Time Capsules In movies, books and stories kites are often used to portray a sense of whimsy. They are linked to the carefree days of childhood. But like simple, carefree days kites are fragile. They are made of paper, twine, wood or silk. As a result vintage or historic kites are a rarity.
As a result, the historic kites that have survived into the modern era are revered treasures, especially among kite enthusiasts. Discovered by a carpenter in 1985 when he lifted the attic floor during the renovation of a building in Leiden, Netherlands is a kite that dates to the early 1770s. The Dutch Peartop paper kite is now owned by Peter Lynn, one of the world’s foremost kite designers.
As crazy as it may seem, when first discovered there was concerns expressed about it being a forgery. Extensive forensic investigation proved otherwise. The initial step when investigating historic artifacts such as the kite is to determine if the materials used in its construction are consistent with the claimed age. This was firmly established by examination of the paper, the string, the type of glue, and the dating of the ripped-out pages of an 18th-century Latin book published in 1700 used for the tail.
To give an idea as to how unique this kite is, consider the fate of much newer examples. By the second decade of the 21st century collectors were having to discard dump silk, paper and bamboo kites from the 1970s and 1980s. The silk had disintegrated to a point of extreme fragility. Paper crumbled. Bamboo split and warped. Even with dry and relatively stable storage kites often degrade to unrecognizability within a decade.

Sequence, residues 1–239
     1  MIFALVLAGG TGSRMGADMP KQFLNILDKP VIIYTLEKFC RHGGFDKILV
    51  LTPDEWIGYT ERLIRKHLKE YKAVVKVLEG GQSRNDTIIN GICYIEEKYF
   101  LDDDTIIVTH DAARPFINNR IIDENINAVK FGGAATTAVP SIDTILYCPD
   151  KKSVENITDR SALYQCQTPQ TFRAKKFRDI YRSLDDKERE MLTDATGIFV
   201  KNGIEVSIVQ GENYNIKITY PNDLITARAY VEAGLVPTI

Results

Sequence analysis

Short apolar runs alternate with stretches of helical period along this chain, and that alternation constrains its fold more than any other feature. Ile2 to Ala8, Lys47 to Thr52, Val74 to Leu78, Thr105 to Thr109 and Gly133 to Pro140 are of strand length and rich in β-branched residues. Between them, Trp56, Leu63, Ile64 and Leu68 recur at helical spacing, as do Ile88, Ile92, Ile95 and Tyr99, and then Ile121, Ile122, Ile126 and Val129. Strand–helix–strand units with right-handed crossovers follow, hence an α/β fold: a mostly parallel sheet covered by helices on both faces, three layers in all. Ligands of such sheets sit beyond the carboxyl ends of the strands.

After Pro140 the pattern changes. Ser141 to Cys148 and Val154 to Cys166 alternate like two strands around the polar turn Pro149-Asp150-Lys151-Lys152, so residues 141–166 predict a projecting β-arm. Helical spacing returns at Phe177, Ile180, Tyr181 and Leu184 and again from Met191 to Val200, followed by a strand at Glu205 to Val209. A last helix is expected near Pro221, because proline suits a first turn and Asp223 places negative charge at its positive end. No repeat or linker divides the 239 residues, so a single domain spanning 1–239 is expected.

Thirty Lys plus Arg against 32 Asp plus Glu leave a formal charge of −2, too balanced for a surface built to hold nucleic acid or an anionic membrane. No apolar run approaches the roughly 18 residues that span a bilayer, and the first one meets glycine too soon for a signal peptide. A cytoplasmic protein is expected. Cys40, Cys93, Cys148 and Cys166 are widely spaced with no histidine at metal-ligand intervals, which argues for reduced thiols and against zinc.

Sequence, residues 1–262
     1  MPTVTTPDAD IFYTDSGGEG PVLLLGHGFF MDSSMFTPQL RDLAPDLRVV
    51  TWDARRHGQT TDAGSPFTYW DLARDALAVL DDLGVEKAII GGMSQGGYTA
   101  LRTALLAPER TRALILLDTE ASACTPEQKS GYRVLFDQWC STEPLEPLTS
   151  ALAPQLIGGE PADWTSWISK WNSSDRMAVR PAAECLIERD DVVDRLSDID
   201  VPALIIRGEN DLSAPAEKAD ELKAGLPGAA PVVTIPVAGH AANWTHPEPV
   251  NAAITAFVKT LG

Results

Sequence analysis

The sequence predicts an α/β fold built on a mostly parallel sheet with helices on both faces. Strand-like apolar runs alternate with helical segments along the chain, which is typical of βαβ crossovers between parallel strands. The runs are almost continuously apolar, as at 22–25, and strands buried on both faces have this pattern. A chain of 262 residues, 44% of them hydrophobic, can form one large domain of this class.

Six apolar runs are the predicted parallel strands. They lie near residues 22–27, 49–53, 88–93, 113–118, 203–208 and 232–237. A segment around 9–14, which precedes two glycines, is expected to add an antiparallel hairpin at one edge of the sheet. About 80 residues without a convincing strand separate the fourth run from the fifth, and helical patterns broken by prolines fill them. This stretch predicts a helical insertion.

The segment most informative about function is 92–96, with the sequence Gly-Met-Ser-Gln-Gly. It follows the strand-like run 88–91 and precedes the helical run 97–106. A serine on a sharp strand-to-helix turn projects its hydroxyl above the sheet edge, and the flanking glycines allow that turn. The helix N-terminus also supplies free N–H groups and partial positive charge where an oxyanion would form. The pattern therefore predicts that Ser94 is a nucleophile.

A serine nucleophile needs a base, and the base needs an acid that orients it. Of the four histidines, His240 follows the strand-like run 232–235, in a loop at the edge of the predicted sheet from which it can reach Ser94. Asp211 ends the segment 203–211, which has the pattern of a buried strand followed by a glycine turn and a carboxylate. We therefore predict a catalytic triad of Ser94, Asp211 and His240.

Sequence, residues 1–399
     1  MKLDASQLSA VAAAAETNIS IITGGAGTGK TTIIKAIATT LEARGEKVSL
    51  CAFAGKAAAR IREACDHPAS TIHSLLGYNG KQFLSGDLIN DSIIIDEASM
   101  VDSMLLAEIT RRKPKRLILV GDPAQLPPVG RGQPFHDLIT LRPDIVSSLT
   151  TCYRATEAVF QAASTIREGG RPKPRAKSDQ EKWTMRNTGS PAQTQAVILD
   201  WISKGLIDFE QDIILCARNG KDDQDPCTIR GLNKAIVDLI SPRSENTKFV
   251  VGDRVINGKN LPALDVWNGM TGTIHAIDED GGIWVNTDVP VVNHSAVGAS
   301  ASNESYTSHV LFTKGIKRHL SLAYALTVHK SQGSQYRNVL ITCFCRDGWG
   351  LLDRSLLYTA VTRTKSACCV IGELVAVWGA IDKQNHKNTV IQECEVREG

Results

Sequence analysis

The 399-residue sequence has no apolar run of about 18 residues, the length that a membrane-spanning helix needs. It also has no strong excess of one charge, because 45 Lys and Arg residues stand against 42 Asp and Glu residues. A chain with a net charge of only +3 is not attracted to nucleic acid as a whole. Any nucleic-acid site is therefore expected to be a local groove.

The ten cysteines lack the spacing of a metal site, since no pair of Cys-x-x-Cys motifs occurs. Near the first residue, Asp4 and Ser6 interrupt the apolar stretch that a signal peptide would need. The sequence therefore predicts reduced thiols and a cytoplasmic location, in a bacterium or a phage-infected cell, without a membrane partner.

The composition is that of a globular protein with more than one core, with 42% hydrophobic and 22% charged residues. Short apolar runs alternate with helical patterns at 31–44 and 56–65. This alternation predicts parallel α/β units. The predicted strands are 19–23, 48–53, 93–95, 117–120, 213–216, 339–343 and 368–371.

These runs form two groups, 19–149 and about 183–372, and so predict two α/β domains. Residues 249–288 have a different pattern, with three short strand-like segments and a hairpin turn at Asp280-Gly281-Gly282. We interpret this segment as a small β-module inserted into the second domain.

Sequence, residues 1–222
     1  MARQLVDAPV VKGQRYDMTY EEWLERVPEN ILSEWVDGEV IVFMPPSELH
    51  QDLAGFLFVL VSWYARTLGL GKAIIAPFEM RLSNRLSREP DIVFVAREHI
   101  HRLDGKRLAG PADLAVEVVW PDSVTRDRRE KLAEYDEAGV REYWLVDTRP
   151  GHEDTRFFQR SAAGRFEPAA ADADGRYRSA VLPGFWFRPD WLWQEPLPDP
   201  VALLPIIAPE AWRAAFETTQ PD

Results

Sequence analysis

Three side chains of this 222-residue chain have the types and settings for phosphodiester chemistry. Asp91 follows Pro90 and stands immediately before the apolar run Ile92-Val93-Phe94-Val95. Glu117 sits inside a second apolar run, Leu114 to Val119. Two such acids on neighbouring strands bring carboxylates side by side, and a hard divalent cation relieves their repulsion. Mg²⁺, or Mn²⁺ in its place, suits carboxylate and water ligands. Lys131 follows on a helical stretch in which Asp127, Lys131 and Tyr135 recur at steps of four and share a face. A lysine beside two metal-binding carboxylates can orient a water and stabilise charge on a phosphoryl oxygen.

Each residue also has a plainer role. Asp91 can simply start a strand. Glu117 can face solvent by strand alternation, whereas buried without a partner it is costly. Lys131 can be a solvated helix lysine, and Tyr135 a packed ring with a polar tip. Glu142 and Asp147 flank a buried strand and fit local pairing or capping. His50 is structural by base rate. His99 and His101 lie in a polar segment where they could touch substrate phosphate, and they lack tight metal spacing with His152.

A close runner up for oldest kite is housed in a British Museum. This is a Maori “manu aute” birdman kite from the Bay of Plenty, in New Zealand that was collected in 1843. It most likely is older than this date but that can’t be confirmed. Pictures of similar kites were created by British explorers in the 18th century.
And as the quest for the oldest kite continues, there is a also completion to claim the oldest link to kite flying. Asep Irawan, a staff member at the Layang Kite Museum in South Jakarta, Indonesia was quoted as saying that the oldest kite picture was found in Muna, Southeast Sulawesi. Known as kaghati kolepe there are claims that it is 10,000 years old.
You may not be a kite collector. And you may not have interesting in preserving kites for decades. Still, most everyone has an affection for the lowly kite. And in troubling times such as the year 2020, there are few things that are more relaxing than sailing a kite to the heavens and watching it dance on the wind. For all of your kite needs in the Colorado River, Tumbleweeds and Tarantulas is your one stop shop.
Written by Jim Hinckley of Jim Hinckley’s America